Readers are then required to :
a) Draft an unreasonable behaviour Petition for each party;
b) Draft an Answer to each Petition; and
c) Draft a judgement in favour of each party in each role.
This is not as simple as it sounds and also gives the reader an opportunity to discuss with colleagues the literary merits of the book with erudition.
Responses please to Stantons Solicitors, Gravesend!
So Tom Cruise and Katie Holmes are splitting up – no surprises there.
The terms of the Pre-Nup are dusted off and reinterpreted – no surprises there.
Katie Holmes avows in the press to seek “sole custody” of their one child.
Suri (now 6) was of course just one of the required acquisitions of a celebrity couple, a child who clutched her Gucci not her blankie when out in public, and who (unless Louboutin is moving forward very fast) has never had the joy of the Clark’s Startrite fitting machine.
This doll-like possession is therefore up for grabs, for winning or losing, just like the houses and the cars, and it is therefore no surprise either that one parent’s first battle move is to claim that possession to the exclusion of the other.
How can we get the message through to separating parents that, not only do their children always belong to both of them, but that both parents belong to their child and that to remove one parent from a child’s life is (except in the most extreme circumstances) stealing from that child half of their past, present and future.
Following the much publicised launch of another High Street initiative aiming at “popularising” legal services, South East Business News (July 2012), has predicted the sound of the death knells for the smaller legal practice. Tina Williams of City law firm Fox Williams is quoted as saying “(Legal) Firms which have relied on their place in the High Street to generate business will find it very tough to compete with a competitively priced and well marketed household name moving into their area…”.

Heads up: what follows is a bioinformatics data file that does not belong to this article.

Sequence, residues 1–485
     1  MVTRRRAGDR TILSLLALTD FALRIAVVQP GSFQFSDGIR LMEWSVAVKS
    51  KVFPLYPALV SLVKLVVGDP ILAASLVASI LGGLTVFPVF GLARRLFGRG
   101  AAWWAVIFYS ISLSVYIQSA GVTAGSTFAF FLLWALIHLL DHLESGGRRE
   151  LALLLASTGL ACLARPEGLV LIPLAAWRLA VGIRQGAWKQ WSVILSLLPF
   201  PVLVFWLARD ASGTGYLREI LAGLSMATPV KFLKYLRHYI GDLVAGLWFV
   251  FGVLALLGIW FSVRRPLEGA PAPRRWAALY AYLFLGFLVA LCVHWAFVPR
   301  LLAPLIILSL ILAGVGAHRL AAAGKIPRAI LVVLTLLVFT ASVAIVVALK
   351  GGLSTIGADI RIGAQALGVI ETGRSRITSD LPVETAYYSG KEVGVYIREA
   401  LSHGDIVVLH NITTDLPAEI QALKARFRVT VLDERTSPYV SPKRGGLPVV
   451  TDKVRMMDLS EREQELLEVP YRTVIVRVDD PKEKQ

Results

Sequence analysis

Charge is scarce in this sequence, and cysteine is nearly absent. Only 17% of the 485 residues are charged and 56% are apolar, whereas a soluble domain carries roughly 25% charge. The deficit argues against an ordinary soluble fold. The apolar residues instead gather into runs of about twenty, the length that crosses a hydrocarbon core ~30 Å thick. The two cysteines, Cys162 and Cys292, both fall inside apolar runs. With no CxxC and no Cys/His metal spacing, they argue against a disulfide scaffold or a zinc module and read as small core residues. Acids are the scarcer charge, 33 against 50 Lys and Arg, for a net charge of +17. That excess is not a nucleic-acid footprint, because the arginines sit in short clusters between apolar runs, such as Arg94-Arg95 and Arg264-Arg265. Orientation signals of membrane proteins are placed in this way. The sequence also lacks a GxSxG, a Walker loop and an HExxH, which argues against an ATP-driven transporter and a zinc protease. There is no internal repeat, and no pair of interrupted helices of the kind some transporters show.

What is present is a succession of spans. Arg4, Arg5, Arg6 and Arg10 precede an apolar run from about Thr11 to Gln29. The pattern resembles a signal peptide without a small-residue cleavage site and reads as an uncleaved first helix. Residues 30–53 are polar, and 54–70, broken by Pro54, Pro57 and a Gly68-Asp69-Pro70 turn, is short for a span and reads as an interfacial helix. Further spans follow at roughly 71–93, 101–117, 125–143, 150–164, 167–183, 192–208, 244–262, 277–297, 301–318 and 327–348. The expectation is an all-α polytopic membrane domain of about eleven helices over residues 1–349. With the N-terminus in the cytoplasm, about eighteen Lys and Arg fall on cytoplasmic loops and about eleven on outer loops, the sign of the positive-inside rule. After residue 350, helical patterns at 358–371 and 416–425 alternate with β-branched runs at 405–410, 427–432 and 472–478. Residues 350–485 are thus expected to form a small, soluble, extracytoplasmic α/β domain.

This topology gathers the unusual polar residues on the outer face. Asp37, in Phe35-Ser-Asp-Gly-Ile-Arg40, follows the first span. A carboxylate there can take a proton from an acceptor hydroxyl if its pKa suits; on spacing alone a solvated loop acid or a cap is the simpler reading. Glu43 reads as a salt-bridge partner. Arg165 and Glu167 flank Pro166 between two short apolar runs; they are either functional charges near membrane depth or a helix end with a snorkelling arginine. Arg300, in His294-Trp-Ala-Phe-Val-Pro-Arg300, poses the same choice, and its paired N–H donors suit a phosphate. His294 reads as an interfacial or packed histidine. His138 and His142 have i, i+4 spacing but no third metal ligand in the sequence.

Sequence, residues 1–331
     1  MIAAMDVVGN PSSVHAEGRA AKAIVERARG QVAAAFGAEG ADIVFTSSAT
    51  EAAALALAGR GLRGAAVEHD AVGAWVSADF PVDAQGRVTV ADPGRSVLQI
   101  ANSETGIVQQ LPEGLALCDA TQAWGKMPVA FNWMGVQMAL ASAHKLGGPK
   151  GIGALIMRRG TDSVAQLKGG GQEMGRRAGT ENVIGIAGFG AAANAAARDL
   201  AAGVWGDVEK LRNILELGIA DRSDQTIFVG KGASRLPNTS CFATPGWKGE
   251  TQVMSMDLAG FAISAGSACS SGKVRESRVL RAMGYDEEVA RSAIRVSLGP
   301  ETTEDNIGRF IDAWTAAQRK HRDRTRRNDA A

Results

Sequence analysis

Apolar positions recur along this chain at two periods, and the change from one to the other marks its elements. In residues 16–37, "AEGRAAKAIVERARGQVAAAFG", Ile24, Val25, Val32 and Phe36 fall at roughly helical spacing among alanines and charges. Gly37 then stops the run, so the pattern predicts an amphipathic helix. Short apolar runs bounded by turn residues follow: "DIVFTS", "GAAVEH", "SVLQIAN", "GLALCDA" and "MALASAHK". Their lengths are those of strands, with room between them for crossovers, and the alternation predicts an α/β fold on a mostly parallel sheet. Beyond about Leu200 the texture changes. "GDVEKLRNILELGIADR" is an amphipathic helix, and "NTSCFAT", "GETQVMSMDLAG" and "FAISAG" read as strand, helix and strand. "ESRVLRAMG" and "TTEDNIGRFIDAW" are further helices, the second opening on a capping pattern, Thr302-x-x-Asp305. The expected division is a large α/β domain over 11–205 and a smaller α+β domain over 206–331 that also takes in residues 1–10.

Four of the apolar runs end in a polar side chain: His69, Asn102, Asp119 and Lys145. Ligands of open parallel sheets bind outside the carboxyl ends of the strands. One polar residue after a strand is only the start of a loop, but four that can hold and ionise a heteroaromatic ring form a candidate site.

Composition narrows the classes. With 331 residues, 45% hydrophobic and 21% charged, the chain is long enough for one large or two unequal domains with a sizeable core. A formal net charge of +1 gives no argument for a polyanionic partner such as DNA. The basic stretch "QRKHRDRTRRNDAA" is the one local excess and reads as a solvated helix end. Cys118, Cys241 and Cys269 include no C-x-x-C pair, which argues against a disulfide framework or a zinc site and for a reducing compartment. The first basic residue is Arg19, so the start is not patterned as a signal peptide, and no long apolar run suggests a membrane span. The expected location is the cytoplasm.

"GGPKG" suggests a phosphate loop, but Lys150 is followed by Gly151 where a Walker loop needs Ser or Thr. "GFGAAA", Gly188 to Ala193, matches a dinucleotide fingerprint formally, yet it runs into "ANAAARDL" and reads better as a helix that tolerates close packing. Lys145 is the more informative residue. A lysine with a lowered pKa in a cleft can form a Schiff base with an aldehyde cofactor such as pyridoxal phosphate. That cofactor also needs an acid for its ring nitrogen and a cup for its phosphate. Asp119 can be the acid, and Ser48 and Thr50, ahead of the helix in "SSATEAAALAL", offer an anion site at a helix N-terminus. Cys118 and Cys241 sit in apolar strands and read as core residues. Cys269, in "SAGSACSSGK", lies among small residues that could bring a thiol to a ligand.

Whilst competition can be seen as a positive benefit to a consumer, unfortunately legal services are not a commodity. Each case is different and, here at Stantons, we are already taking calls from clients dissatisfied with the advice and service received from lower or fixed priced suppliers and having been left to pick up the pieces from their experience.
We of course share the aim to offer legal services at competitive rates but anybody looking to commission family law services as a “package deal” needs to understand the implications of that route. If all goes well and there are no unforeseen obstacles, like who gets custody of the cat or how much financial support should the house husband get for the children, then the “package deal” can work. However, if either partner changes their mind mid-process or more complex issues arise, then the package deal pricing goes out of the window!
Smaller firms, like Stantons, pride themselves on a personal tailored service for each client, not a one size fits all approach. We recommend that, if you need family law advice, you speak to a specialist, after all you wouldn’t ask a grocer to service your car now, would you?
Posted in Divorce solicitors, Family law solicitors, Friendly solicitors, Gravesend, North Kent, Specialist lawyers
Tagged Divorce, Family Law, Gravesend, Solicitors, Stantons, Supermarket Lawyers